Those species lived undisturbed until roughly 2,000 years ago. Since mankind arrived then, 90 percent of the original forest cover has gone; 40 percent of it disappeared in the last 60 years alone. While the pace of destruction has arguably slowed, Global Forest Watch found that 2016 was the second-worst year for forest loss in the last 15, with nearly 400,000 hectares cut down. Island-wide statistics on tavy are hard to come by, but scientists regard the practice as a main cause of the island’s ongoing deforestation.
For the most part, it is unprotected forests that are at risk, places outside of national parks where nature and mankind co-exist with little enforceable regulation. As those landscapes are lost, the animals in and around them become threatened: 90 percent of all lemur species on the island are threatened with extinction, according to the International Union for Conservation of Nature and Natural Resources.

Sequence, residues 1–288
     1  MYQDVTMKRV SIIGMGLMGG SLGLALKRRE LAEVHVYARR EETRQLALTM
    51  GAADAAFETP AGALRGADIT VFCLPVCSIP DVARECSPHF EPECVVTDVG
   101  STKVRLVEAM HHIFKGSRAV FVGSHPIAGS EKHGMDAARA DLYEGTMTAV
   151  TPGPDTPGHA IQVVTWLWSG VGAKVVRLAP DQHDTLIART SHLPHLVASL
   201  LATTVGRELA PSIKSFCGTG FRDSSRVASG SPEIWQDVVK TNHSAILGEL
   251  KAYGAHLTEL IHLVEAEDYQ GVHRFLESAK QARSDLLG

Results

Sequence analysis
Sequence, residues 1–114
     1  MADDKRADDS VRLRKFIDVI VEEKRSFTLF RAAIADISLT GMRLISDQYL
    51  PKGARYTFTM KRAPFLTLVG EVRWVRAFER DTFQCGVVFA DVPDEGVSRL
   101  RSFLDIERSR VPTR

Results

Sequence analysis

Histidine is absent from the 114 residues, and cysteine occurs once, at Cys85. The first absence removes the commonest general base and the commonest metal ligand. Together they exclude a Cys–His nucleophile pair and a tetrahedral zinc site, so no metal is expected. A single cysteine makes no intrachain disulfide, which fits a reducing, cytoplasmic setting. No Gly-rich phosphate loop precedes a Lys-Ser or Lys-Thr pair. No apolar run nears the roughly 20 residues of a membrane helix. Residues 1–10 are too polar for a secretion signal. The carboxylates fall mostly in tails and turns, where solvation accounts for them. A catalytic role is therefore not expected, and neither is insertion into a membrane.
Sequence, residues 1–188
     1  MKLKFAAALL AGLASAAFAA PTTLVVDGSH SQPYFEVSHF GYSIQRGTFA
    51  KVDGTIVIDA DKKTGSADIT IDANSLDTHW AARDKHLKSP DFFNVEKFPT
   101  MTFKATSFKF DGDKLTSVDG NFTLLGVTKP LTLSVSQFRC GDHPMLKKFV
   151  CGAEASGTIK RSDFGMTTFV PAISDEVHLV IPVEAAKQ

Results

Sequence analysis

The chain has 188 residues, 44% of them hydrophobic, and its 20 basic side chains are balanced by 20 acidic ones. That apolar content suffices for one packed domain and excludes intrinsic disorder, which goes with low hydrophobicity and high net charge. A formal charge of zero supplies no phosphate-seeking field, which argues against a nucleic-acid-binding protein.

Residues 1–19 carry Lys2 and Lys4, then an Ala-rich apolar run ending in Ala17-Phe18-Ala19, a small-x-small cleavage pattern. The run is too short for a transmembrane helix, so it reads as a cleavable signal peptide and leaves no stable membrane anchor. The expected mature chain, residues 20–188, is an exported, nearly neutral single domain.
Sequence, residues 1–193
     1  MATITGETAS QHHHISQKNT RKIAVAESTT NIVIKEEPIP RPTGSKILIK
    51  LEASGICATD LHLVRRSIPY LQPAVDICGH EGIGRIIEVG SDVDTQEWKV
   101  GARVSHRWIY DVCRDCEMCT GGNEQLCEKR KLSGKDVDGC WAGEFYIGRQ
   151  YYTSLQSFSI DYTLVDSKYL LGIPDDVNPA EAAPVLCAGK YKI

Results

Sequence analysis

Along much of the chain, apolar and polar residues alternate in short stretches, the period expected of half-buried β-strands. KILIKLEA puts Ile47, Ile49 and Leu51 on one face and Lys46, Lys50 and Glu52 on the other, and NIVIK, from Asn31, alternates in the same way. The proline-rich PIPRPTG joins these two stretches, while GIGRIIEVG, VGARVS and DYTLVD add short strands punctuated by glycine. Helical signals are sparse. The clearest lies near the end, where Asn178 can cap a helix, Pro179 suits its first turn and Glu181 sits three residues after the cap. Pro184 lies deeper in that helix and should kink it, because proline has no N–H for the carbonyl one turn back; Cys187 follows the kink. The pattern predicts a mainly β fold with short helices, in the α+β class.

But the hunger for rice, coupled with aggressive tavy, is pinning nature back into smaller and smaller pockets.
Carrot or stick?
The government has been aware of the problems with tavy for years, and has tried numerous potential solutions. It says it has invested in research, better fertilizers, and irrigation, all to improve the farming productivity of land already cleared, along with outlining a strategy to make more land available for rice cultivation.